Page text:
There is a dilemma that all fragrance enthusiasts eventually ponder: when creating a fragrance, are natural raw materials always preferable to synthetically obtained isolates and molecules? One of Aquaflor's Fragrance Specialists helps shed light on this controversial topic.
A perfume is born from the combination of multiple odoriferous raw materials, which can be extracted from natural ingredients through a distillation process, yielding essential oils, extracts, and absolutes. Alternatively, they can be recreated in a laboratory by isolating a natural molecule (in this case, referred to as isolates) that is exactly identical to the one found in nature. When attempting to reproduce a natural scent that cannot be extracted from nature itself, pure synthesis is employed using so-called aroma chemicals—synthetic molecules created from scratch, which do not exist in nature.
While it is crucial to rely on natural extracts as much as possible to give a fragrance that special touch of uniqueness and distinctiveness, relying solely on natural materials is inherently complex from a production standpoint and comes with a series of implications to consider. On one hand, there is a safety issue related to possible allergies or adverse reactions that certain natural ingredients may cause. From this perspective, Europe is now much more vigilant than in the past thanks to the oversight of an organization called IFRA (International Fragrance Association), which conducts skin tests each year to monitor the reaction and potential toxicity of various raw materials. All findings from IFRA studies result in regulations that manufacturers must strictly adhere to, requiring perfumes made with natural components to undergo an analysis that indicates the presence of flagged raw materials, ensuring consumer protection as much as possible.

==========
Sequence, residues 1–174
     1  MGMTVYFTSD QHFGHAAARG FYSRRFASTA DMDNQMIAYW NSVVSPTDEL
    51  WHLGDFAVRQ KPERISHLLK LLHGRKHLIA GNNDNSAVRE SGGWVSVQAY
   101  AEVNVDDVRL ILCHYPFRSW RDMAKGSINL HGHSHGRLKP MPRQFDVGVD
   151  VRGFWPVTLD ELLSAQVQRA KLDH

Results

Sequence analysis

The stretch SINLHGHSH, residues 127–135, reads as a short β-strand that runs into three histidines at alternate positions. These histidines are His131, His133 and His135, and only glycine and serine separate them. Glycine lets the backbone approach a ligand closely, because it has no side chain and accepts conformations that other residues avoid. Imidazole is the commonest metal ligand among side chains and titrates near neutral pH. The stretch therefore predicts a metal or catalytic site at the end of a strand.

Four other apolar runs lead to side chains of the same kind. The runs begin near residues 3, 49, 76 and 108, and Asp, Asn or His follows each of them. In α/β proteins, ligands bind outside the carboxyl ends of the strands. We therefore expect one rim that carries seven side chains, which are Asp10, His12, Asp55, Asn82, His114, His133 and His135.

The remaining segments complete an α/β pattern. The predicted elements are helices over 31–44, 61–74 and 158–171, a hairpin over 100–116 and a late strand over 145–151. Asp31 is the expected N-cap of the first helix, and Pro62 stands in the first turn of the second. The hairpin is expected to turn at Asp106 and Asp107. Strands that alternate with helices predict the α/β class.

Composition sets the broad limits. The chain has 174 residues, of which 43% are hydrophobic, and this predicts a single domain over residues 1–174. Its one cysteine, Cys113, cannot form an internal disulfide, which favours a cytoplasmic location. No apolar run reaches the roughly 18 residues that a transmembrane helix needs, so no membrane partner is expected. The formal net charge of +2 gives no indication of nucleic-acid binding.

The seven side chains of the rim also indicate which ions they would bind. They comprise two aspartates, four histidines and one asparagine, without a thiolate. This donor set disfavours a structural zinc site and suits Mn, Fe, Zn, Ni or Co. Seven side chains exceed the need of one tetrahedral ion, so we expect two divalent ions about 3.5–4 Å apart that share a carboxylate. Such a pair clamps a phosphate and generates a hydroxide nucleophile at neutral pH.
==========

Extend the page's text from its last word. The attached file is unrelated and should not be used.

From this perspective, the use of isolates provides an additional element of safety for customers while also facilitating production. Synthetic molecules obtained through synthesis are not only safe but also guarantee consistent production over time by freeing it from problems related to the availability of certain natural ingredients, which can sometimes take years to become available again. Without the support of synthesis, production would not be able to keep up with demand and would fail to ensure a stable standard of quality. Isolates enable the creation of perfumes that remain consistent throughout the years, not only because they solve the problem of ingredient availability but also because nature often provides us with raw materials that possess different characteristics, resulting in olfactory differences as well.